The Men’s World Cup Slalom held in Adelboden on January 11, 2015 saw Italy’s Stefano Gross edge out Germany’s Fritz Dopfer  by 2/100 of a second and Austria’s Marcel Hirscher by 3/100 of second. In my opinion, Italy’s Patrick Thaler looked better than the racers who made the podium. But he failed to finish the second run. Meantime, Ted Ligety was missing from the podium…… again, finishing a distant 22nd, over 2 second behind Gross.  Has he suffered a fate similar to what Shiffrin experienced at the beginning of this season? Did he make changes to his equipment before the season like Shiffrin?  Shiffrin has since recovered. Will Ligety?

If Shiffrin’s mantra is Get Over It and Stay Over It, it appears as if the mantra of the men is Get Behind It. The photos below compare Shiffrin on the left to Stefano Gross on the right. Both racers are in the fall line. Even though the inclination of the slope Shiffrin is on is much steeper than the inclination of the slope Gross is on, Shiffrin’s COM is Over It (as in over the head of her first metatarsal in both the long and transverse aspects) while Gross’ COM is Behind It.

Shiffrin v pitch

The alignment or lack of alignment becomes obvious when the slope is neutralized to level the playing field.

Shiffrin v

The following video clip compares the techniques of Gross and Hirscher.


Instead of moving forward in the hips as Shiffrin does (Up and Over), both Gross and Hirscher project their feet ahead of them as their COM moves into the new turn. It is not until the apex of the turn that their COM gets anywhere near being over their outside foot. This technique  works. In fact, a racer can win races using it. But it is only a winning technique so long as all racer’s are using it. The problem is that from a point of mechanics, biomechanics and physics, it doesn’t align the load W emanating from COM and the resultant force R with the proximate centre of the head of the first metatarsal of the outside foot which is, in turn aligned over the inside edge of the outside ski. If the men are using a learned technique then why is their stance at ski flat so different from the stance of Mikaela Shiffrin and even Ingemar Stenmark?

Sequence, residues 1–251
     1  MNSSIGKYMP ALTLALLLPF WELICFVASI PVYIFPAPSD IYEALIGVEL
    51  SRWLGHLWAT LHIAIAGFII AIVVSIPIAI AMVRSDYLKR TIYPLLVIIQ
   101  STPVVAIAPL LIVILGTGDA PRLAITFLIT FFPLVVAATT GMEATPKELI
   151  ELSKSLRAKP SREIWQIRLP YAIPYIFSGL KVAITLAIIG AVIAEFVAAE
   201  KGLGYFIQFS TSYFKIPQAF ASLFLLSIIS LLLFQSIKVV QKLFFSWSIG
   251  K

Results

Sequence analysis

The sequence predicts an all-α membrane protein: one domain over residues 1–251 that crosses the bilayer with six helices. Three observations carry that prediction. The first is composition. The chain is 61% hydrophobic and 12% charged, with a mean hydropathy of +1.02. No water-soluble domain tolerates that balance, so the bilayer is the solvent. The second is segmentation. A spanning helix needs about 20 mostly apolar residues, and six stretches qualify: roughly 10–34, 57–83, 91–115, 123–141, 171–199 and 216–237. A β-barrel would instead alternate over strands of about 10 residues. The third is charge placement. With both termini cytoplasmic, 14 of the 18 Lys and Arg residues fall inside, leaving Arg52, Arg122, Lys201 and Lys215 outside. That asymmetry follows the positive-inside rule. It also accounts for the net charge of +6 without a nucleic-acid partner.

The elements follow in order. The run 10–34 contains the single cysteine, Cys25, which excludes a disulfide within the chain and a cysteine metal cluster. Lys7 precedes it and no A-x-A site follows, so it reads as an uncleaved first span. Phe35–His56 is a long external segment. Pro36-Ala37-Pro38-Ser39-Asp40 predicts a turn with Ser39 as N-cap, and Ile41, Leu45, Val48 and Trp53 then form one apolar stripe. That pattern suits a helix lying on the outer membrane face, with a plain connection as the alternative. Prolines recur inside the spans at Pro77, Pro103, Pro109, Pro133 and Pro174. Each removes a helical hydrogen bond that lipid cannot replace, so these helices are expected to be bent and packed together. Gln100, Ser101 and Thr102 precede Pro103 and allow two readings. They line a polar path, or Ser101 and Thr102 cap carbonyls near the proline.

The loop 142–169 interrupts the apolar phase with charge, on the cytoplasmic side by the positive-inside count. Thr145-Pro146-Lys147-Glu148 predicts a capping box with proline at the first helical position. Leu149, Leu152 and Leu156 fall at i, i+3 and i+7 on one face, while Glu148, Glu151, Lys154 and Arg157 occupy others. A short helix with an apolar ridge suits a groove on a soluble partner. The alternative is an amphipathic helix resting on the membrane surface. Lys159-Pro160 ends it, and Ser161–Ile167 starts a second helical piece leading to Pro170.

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The most plausible reason why the Gross, Hirscher and others are skiing the technique seen in the videos is that their ski boots are preventing them from Getting Over It.

“The relationship between equipment and technique is fragile at best. In the chicken and egg scenario, equipment enables sound technique. At the same time, equipment can disable a sound technique once it has been established. Further, the effect of equipment tends to become apparent in competition where races are won or lost by hundredths of a second.  Here, seemingly minor changes can have major impacts on racer performance as reflected in results”. – TRENDS IN WORLD CUP EQUIPMENT AND SKI TECHNIQUE – 12-12-2014



  1. In a typical SL retraction turn there is no weight on the skis when they are flat and hence the relation between metatarsels and CoM is irrelevant. There is no extension against the CoM here. That would effectively stop the CoM movement down into the turn and also put you immediately in an aft state. See e.g. this example where Mikaela is completely unweighted and floating.
    The extension after this moment is primarily due to the crossing paths of the skis and CoM. When the skis are loaded again in the next turn, then we can talk about the alignment of metatarsels and COM.